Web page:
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Artificial Insemination (AI) is an important tool to improve the reproductive performance of birds especially broiler breeders and turkey where fertility is low due to heavy body weight.  Eventhough AI is well developed technique in cattle, is not so well developed in poultry because no standard technique is available to store poultry semen for a long period.  The techniques available at present permits to collect semen and use it for insemination immediately with or without dilution using semen diluents at 1: 2 ratio.  Semen collected from one cock is sufficient for inseminating 5 to 10 hens depending upon the semen volume and sperm concentration.

At farms, where AI is practiced the males are kept separately in individual cages where sufficient space is available for movement of the birds.  There should be a particular team of workers to associate collection and insemination of semen.  Frequent changes of personnel in the team may affect the normal behaviour of birds.  Rough handling should be avoided, if not it may develop fear reaction, which affects the semen volume during ejaculation.

Characteristics of Poultry Semen

Semen consists of spermatozoa and seminal plasma.  Fowl semen is generally highly concentrated (3 to 8 billion spermatozoa per ml for broiler fowl).  This is due to the presence of limited amount of seminal plasma since the accessory reproductive organs are absent in avian species.  The seminal plasma is derived from the testes and excurrent ducts.  At the time of ejaculation a lymph-like fluid (also known as transparent fluid) of cloacal origin may be added to the semen in varying amounts.  The addition of transparent fluid to semen at the time of ejaculation act as an activating medium for the previously non-motile spermatozoa, thus ensuring their transport from the site of deposition to the sites of sperm storage tubules in the utero-vaginal junction of the hen's oviduct.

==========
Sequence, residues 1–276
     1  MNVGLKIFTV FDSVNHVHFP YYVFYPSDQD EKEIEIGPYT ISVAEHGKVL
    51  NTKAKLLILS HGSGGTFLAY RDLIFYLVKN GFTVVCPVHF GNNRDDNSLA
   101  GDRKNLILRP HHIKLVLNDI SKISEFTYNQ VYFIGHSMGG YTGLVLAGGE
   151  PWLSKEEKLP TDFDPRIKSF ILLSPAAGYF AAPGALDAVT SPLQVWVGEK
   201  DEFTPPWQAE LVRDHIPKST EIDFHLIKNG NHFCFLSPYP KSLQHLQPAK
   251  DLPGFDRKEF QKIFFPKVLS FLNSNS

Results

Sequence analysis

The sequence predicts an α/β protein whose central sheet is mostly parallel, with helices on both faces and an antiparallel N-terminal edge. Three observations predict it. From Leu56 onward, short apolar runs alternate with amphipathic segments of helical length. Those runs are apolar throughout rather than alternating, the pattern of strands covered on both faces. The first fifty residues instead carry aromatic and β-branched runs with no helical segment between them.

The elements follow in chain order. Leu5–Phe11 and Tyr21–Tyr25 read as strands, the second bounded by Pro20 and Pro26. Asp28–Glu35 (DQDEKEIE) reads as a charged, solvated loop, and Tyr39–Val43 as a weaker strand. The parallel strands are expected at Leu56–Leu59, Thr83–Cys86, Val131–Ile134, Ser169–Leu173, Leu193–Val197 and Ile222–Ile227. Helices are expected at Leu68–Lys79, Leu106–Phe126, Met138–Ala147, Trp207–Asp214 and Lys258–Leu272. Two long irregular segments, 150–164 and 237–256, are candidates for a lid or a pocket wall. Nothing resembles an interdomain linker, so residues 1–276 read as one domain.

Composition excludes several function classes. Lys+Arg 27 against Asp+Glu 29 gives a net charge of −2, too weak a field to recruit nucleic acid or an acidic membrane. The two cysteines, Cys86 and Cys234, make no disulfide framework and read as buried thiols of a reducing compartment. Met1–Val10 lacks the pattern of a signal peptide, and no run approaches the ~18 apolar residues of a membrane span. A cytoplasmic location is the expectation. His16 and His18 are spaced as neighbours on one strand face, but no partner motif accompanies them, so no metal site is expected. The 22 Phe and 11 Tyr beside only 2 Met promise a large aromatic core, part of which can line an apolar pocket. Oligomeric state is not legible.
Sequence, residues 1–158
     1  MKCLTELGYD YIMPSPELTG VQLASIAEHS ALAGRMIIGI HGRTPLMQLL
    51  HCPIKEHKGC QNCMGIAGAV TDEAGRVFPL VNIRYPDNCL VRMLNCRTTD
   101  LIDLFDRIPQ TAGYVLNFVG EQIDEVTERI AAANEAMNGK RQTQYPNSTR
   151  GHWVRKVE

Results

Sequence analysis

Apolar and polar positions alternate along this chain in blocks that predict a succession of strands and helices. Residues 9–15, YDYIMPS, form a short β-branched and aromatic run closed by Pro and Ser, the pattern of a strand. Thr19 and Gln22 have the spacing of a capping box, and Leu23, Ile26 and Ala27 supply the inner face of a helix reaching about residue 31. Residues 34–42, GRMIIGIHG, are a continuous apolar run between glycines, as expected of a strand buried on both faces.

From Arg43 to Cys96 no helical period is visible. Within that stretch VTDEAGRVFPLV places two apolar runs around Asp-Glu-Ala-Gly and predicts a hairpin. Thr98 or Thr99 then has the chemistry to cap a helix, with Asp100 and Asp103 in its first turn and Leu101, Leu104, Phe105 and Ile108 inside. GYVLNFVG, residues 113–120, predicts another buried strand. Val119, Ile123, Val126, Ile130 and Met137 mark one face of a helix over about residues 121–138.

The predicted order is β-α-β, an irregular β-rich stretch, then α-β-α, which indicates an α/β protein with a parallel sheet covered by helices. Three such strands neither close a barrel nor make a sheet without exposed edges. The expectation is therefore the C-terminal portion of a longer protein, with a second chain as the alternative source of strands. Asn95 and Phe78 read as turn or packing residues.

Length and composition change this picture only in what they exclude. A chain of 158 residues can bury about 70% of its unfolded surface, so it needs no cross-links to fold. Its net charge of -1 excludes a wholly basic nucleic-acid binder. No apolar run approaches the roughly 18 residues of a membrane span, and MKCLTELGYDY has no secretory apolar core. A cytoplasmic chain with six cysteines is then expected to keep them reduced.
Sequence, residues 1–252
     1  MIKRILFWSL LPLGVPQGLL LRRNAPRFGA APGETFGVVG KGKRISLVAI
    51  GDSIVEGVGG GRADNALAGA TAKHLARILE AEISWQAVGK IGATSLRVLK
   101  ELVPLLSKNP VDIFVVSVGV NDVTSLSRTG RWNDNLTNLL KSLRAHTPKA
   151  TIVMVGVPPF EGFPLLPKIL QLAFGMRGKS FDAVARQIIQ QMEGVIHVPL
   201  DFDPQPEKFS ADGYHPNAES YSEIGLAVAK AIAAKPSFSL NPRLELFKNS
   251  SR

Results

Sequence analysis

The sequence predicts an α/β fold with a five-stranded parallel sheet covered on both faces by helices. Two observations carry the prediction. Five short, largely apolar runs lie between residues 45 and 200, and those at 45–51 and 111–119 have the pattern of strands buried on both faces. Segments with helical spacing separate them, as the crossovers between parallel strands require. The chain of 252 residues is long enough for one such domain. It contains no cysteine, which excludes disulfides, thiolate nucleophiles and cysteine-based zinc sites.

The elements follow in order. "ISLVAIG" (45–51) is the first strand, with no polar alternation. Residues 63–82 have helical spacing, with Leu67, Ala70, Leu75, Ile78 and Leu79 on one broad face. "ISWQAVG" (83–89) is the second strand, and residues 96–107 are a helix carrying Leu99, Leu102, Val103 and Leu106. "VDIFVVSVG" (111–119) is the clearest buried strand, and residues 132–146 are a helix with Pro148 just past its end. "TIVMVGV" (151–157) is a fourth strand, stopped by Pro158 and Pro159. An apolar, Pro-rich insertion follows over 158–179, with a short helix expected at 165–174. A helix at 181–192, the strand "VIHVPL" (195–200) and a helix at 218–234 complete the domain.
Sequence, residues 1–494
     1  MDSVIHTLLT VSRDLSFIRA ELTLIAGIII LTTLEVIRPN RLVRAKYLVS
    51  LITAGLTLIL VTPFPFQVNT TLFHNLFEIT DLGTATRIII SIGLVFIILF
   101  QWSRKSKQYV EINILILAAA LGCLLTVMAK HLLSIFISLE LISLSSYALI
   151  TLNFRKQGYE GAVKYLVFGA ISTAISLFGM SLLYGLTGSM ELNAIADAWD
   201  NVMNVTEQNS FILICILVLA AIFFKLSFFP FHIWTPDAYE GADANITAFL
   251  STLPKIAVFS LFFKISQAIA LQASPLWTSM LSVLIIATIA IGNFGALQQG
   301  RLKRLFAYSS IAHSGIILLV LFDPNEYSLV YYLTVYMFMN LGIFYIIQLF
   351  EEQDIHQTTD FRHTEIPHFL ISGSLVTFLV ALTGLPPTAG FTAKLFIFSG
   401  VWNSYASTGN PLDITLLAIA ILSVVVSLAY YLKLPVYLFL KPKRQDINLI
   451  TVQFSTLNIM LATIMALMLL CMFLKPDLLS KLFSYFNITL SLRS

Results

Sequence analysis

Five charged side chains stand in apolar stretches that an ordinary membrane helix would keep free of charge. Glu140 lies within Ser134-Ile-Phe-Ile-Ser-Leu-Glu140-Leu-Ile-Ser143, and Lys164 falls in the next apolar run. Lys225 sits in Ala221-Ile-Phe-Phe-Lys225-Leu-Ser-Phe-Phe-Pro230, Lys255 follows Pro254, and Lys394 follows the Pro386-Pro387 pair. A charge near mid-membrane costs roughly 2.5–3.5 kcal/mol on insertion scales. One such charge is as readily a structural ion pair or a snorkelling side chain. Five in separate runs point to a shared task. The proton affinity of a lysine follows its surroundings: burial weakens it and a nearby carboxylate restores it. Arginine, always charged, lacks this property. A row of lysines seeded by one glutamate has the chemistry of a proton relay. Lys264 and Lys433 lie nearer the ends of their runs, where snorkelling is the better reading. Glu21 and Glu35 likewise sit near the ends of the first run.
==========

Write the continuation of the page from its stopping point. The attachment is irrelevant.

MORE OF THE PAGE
Usually cock start producing semen from the age of 16 weeks but the fertilizing capacity of the semen is low.  So the cocks from 22 or 24 weeks of age are used for semen collection. The natural colour of poultry semen is white or pearly white. Heavy breed male can produce 0.75  to 1 ml semen and light breed male can produce 0.4 to 0.6 ml of semen. A male can be used thrice in a week for semen collection with a gap of one day.  Although every day semen collection will not change the fertilizing capacity but the volume of semen will be low.

Equipment needed for A.I.

  • Small glass funnel with stem plugged with wax.
  • Inseminating syringe
  • Wide mouthed glass vial.
  • Small pyrex semen cup
  • Large flask to hold water at 180 C to 200 C range for short time holding of semen.

Steps in AI

AI in poultry is a three-step procedure involving semen collection, semen dilution and insemination.  The second step may be omitted if 'neat' semen (undiluted) is to be used for inseminations within 30 minutes after collection.

Semen collection

The first step in AI program is manual collection (milking) of the semen.  For semen collection, a team of two members are generally involved, one for restraining the male and the other for collecting semen.